3 Ways To Start A Business If All Your Ideas Are Bad
From a very young age I can remember wanting to be in business.
I can’t say that there was one businessperson that I encountered that planted the idea in my head. There were multiple and my brain was wired, for some reason, to eye up the businesspeople in every situation.
For example, at a basketball game I would look in the stands and look for people that seemed like business owners. It was weird, but that’s how I looked at situations.
The point is that business is in my blood, but for a long time it was difficult for me to come up with an idea. I was thinking about it all wrong and even Ghost Blog Writers wasn’t really an idea that I had. I kind of stumbled into it.
Since then, though, I’ve learned that you can still start a business even if your ideas are all bad. Here are just a couple ways you can do it.
This is one that was a huge realization for me. Most businesses, especially small businesses, are just copies of what is already going on in the world. And that’s ok. There is plenty of room in most cases for another [insert business here].
You probably won’t take over the industry in the first year or even the first five years. But you can build a pretty solid business in five years and who knows what you can do it 10+ years.
As far as competition, there is plenty of opportunity to do things a little differently, but don’t even let that get you hung up.
One of my favorite stories is about Southwest Airlines. The founders went to visit the offices of Pacific Southwest Airlines before launch and they were so impressed with the operation that, with permission, they basically copied their entire operation including manuals.
Now, to be fair, back then the two weren’t competitors, but the point is that one of the most successful companies of the last 50 years copied nearly every bit of their operation.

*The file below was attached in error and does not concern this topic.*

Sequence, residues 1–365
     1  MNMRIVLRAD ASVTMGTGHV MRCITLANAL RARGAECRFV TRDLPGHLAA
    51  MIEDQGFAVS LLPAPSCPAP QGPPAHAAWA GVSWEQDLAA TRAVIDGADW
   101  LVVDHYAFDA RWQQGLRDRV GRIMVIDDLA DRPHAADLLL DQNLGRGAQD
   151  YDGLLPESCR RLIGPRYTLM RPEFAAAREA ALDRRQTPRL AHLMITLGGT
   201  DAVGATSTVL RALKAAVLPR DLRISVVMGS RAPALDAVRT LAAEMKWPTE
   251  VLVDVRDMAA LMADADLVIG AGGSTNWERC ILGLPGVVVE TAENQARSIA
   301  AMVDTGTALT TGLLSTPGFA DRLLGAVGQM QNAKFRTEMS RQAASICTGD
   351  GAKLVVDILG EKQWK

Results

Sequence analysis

If you only have bad ideas, find someone that seems to be doing well. Learn as much as you can and launch your own version fo what they’re doing.
It’s common in business for organizations to get bloated. One of the reasons that Southwest has been able to have consistent growth and profit while other major airlines have gone through huge ups and downs is that they run lean. They think small.
I like the term minimize in this case. It really is specialize, but I like the visual of minimize.
Look at a business in an industry that you’re interested in. See what they’re doing. Odds are good that they’re offering tons of services or products.
Take one or two of the things they’re doing and specialize in just those items. You can always grow from there, but you could even stay minimized forever.
Take the quick lube oil change places. They looked at full service auto mechanics and decided to minimize to just oil changes and maybe a handful of other things. They’re super efficient. People love the price and quick service and they need the service.
3. See What’s Needed
Check the job boards and job listings to see what businesses are hiring for. Look at the tasks that they want their candidate to perform. Look for patterns in what businesses are looking for. After a day or two you’ll start seeing the same things come up again and again.
That’s kind of how Ghost Blog Writers began. I started blogging out of curiosity on my own. Then a business owner I knew asked me to blog for them. Then I started seeing job listings for bloggers and then I started seeing marketing positions that listed blogging as a job task.
Businesses are great customers and if you see a recurring need it’s a sign that there is demand for a task. A task that you could turn into an operation and something you could sell to companies all over the world.
One of the best things I did in my short life so far was to forget about trying to come up with business ideas. Instead I’ve tried to focus on what people want and need. The items mentioned above are the forms that wants and needs take in real life. You just have to look at them that way to see the opportunity for your next business.